Absenteeism and Incapacitation Are 2 Different Things: Govt Must Urgently Address
25 October 2021

…Poverty Facing Teachers…
By Dr Takavafira M. Zhou | We note with deep concern a communique dated 14 October to all Provincial Directors, and from Perm Sec of the Ministry of Primary and Secondary Education, Mrs Thabela, over the purported teachers’ absenteeism. The communique claims that PSC has observed that “some teachers are not reporting for duty since schools reopened on 6 September 2021. In line with the ‘no work, no pay’ principle, members who absent themselves from work should not receive their salaries for the period they were absent.” The Perm Sec called for the submission of names of teachers who allegedly have not been reporting for duty to Head Office urgently.

For the record there are no teachers who have deliberately been absent from work. Rather teachers have always wanted to report for work daily but are incapacitated. To assume that teachers can report for work daily after receiving $23000 is ludicrous hallucination of the worst order. The starvation wage that teachers are currently getting is even less than one fifth of the average US$540 teachers were getting prior to October 2018. The principle of ‘no work, no pay’ can only be properly applied after the restoration of US$540.


What teachers have been doing is operating on a balance sheet taking into cognisance their incapacitation and students’ interests. In pursuant of this teachers are reporting a minimum of once a week and a maximum of twice a week. What the Perm Sec must do is to engage teachers before ordering for the victimisation of teachers over false allegation of absenteeism, when practically teachers are incapacitated. It is clear PSC has lost touch with reality of teachers’ salaries. Sadly, instead of realigning PSC’s misconception the Ministry of Education seem to be dancing to its malodorous misconception and homelitic bellicose. Taungana Ndoro, even thinks there are Unions urging teachers to absent themselves from work, when in reality it is incapacitation that has riddled teachers’ intention to report for work daily. A survey of transport cost, the exorbitant prices of basic commodities, utility bills, school fees, medical costs, NSSA contributions, etc, would show that teachers cant make ends meet. Teachers are not necessarily down on their knees but in the terminal ward.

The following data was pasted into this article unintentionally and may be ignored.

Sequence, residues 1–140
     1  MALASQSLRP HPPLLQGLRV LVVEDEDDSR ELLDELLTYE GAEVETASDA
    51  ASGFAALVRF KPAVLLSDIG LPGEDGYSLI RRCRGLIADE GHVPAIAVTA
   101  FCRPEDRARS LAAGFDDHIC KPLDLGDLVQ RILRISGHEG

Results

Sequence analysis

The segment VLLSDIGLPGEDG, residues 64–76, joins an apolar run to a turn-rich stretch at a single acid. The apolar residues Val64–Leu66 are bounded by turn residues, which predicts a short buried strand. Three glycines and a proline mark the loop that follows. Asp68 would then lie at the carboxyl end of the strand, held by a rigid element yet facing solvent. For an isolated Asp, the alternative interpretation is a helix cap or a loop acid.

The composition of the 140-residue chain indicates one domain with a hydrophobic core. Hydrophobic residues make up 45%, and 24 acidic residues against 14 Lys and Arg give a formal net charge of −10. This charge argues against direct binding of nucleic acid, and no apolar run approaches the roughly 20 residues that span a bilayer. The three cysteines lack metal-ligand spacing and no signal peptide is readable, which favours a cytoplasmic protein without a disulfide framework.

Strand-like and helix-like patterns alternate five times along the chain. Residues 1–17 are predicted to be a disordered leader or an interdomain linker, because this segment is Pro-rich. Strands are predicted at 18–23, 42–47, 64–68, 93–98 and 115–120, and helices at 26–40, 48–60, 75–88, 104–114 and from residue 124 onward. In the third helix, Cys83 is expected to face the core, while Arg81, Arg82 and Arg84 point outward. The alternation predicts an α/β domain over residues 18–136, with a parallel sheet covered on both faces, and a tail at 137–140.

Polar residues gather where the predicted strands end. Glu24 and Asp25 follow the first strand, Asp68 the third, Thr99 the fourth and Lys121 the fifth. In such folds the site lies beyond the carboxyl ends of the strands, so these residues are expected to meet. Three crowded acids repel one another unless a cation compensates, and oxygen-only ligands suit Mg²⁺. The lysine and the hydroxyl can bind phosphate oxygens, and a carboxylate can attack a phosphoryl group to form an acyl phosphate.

Any attempt to punish teachers, without addressing their plight will attract resistance from teachers and the ‘no pay (US$540), no work’ principle. Action and reaction are equal and opposite. As Ptuz, we want to make it categorically clear, without any equivocation or smbiguity, that teachers are tired of the so few earning more than $214 000 attacking poor teachers for doing so much with so little. They will resist cold and calculated educational vandalism by PSC and some Ministry of Primary and Secondary Education officials by all means necessary. We appeal to the new Minister of Primary and Secondary Education, Dr Ndlovu, and President Mnangagwa to urgently intervene on behalf of teachers and save our education system. However, should they fail to intervene, teachers must be flag bearers of their own independence. Life is too short to spend it in misery. PSC and line Ministry must never underestimate the power of hungry and angry teachers in their numbers. Teachers are even clamouring for a total shut down of schools, but as responsible leaders we have been knocking at every gvt and Ministry door in order to save our education system. Two parliamentary Portifolio committees even confirmed the poverty and misery of teachers, and we wonder why gvt has not implemented their proffered recommendations. The Minister of Public Service, Prof Mavima has been lying that negotiations are ongoing where there is virtually no negotiation taking place, even with the defective Apex Council, which has also become a liability to civil servants in general and teachers in particular. We have been channelling teachers’ pent up anger to meaningful direction hoping the gvt would restore their purchasing power parity. The pressure from educators is just too strong, and unless gvt intervenes urgently, we should not be blamed for any eventuality. The gathering clouds of a United Front of all Unions, and all teachers in schools across the Union divide are fast spreading. It’s clear that the anger and poverty may ‘rain soon’ and some people will get wet. Responsible officials must provide a solution rather than bank on threats and so called ‘no work, no pay’ that ultimately has no traction and is defective.

Teachers of Zimbabwe Unite. You have nothing to lose but the chains of poverty, and a status to restore from grass to grace, and a mother of all professions to protect as a vital cog of sustainable national development.


Dr Takavafira M. Zhou, Ptuz President